Wednesday, November 07, 2007

King Lear, Fairy Tale Style

(It's time once again for a story of Shakespeare and my kids.  If that bores you, now's the time to bail out.)

This morning it was my son's turn to get into my Shakespeare stuff.  He's 18months old, running around with my King Lear comic.  My 3yr old promptly wrestles it from him and says, "Daddy, I think we should see this movie."

Now, the vision of a 3yr old sitting to watch King Lear is enough to make me laugh out loud, but the two of them are the only ones in the room with me so no one will appreciate the joke.  "Oh that's not really a movie story, sweetie," I tell her, "That's more a story for telling."

"Ok," she tells me.

So, while making the bed, I began to tell my daughter the story of King Lear in a way that would make sense to her:

Once upon a time there was a king who had three daughters, whose names were Cordelia, Regan, and Goneril.  Cordelia was the nicest of them all, and she loved her father very very much.  Regan and Goneril said that they loved him, too, but they didn't really love him as much as Cordelia did.  But the king became very angry with Cordelia, and he sent her to live far away. 

The king wanted to go live with his daughter Goneril, who would take care of him as he grew old and tired.  But Goneril was very mean to her father.  She told him that he could not bring any of his toys with him, and that he had to be very quiet and to do everything that she said.  Well, the king her father did not think that this was how he should be treated at all, so he said "Fine, I will go and live with my other daughter, Regan."

Before he could get to Regan's house, however, Goneril had sent a message to her sister telling her side of the story.  So when their father arrived at Regan's house, she too said, "I think that Goneril had a good idea, and if you want to live at my house then you will have to be very quiet and not have so many toys and you will have to do everything that I say."

The king was very sad.  He realized that his daughters did not love him as much as they'd told him.  With no place to live he told them both that he would go and live in the dark and scary forest.  His friends, who were named Kent and Edgar, went with him and took care of him.

And that's when Cordelia came back, because she loved her father so much that she could not bear to be away from him.  She brought an army with her to defeat her evil sisters, and rescue her father from the forest.   

And they all lived happily ever after.

Pretty condensed, huh? :)  I don't mind paraphrasing, I'd rather have them familiar with the guts of the story than not at all.  I've tried very hard, though, not to just flat out change the story.  That's why I like The Tempest so much, it's safe for kids.  But with Lear I had a choice, either tweak the ending or else not show it to them until they're much much older.  I went with the fairy tale.  I hope I didn't screw up any of the names, it was from memory and I've not studied Lear as much as I could.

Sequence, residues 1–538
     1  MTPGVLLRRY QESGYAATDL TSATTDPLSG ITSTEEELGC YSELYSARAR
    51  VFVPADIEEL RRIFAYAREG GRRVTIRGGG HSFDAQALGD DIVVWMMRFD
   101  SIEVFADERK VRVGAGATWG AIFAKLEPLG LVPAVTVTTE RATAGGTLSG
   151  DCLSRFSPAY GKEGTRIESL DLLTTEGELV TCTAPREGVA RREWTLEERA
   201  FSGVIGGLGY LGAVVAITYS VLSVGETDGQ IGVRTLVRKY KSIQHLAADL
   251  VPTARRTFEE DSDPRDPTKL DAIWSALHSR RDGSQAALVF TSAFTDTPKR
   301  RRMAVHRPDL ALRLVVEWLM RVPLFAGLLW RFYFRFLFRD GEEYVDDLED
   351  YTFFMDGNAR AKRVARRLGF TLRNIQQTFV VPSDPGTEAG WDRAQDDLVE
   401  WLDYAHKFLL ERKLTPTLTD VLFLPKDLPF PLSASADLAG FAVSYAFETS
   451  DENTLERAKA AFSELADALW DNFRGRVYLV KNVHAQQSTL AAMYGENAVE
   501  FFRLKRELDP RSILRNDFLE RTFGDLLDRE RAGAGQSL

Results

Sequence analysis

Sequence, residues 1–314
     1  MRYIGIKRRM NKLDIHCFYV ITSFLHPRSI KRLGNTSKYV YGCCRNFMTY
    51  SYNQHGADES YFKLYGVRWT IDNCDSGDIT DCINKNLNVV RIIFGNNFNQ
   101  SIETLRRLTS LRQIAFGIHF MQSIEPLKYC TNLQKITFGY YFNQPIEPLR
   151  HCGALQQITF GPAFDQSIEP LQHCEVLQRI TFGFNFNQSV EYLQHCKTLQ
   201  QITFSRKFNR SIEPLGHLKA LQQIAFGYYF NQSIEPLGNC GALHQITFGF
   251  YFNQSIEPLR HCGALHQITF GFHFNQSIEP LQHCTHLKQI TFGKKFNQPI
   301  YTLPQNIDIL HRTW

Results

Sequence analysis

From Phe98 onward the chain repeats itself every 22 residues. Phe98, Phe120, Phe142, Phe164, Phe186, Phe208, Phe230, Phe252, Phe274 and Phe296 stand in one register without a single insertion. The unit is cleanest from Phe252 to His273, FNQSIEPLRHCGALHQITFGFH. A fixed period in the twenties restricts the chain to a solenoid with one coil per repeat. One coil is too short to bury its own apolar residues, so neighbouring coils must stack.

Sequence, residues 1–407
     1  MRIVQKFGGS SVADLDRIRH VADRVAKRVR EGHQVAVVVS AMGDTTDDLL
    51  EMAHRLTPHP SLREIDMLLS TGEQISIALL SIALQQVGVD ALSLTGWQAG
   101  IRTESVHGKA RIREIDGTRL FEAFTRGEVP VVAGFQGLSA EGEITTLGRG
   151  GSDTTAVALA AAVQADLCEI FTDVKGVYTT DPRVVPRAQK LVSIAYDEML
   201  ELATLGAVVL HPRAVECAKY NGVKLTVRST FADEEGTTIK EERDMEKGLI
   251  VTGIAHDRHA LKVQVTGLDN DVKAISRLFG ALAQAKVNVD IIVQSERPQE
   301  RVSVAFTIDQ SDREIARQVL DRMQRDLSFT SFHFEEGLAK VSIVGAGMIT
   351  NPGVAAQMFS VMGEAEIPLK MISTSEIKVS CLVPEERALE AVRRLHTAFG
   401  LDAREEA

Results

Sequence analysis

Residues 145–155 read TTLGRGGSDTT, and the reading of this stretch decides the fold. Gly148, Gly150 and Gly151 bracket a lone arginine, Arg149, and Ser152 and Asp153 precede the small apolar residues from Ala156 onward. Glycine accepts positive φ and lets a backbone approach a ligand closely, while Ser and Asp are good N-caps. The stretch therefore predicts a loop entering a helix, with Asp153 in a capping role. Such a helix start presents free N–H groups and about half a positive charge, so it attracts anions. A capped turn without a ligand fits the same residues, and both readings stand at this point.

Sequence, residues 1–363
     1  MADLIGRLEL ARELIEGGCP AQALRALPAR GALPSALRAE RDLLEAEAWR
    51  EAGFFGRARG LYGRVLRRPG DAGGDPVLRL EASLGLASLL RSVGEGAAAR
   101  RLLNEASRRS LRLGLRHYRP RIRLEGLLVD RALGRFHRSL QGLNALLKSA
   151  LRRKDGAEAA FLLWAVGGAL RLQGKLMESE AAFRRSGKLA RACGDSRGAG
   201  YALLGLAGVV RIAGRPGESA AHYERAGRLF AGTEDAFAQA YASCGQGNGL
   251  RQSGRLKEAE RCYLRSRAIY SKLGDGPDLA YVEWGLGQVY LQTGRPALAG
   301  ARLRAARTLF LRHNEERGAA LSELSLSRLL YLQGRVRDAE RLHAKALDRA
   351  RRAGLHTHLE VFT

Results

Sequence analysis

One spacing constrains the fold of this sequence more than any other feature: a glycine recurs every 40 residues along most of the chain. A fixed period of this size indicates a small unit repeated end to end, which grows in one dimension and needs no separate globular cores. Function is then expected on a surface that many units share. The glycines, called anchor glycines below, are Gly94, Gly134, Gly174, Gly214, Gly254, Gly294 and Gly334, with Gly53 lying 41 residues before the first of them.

I'll be very curious in the coming days if I hear her working elements of that story into her playing.  Sometimes she does that. 


Bill said...

The modified ending is not without precedent; Nahum Tate's version comes most readily to mind. However, your omission of the blinding of Gloucester causes some very real textual problems that are difficult to reconcile, because it leaves Regan's status undetermined. In your version, does Goneril's adulterous relationship with Edmund motivate the poisoning of her sister? You see the difficulty. So your assertion that you told your daughter "the story of King Lear" is questionable at best. I can only hope she forgives you when she is old enough to read it herself.

Duane said...

Yikes! I hope you're kidding :).

Bill said...

I was entirely kidding, yes.

Historia said...

Thanks for the precis of King Lear. I must read the play now. Have NEVER read it before.

How do you know that Cordelia has red hair (referencing the Nov 21st post)

And who is Jasmine if she is not one of Lears daughters? Unless she's Aladdin's Princess?

Historia said...

Make that your Nov 11th post - sorry.

Duane said...

Hi Historia,

Welcome to the blog. The particular book that my daughter knows about shows Cordelia on the cover, and she has red hair. Although I think I saw a debate once that somewhere in the text of the play it does mention her as being red-haired.

Jasmine is indeed Aladdin's girlfriend, which my daughters know simply as the Disney princesses. So Jasmine gets mixed into any list along with Belle, Ariel, and others.

I've always said that I think Disney could do a great animated Tempest - except that since they've already claimed the name Ariel for a mermaid, they would go and do something stupid like changing the name of the Ariel character in Shakespeare's play. :(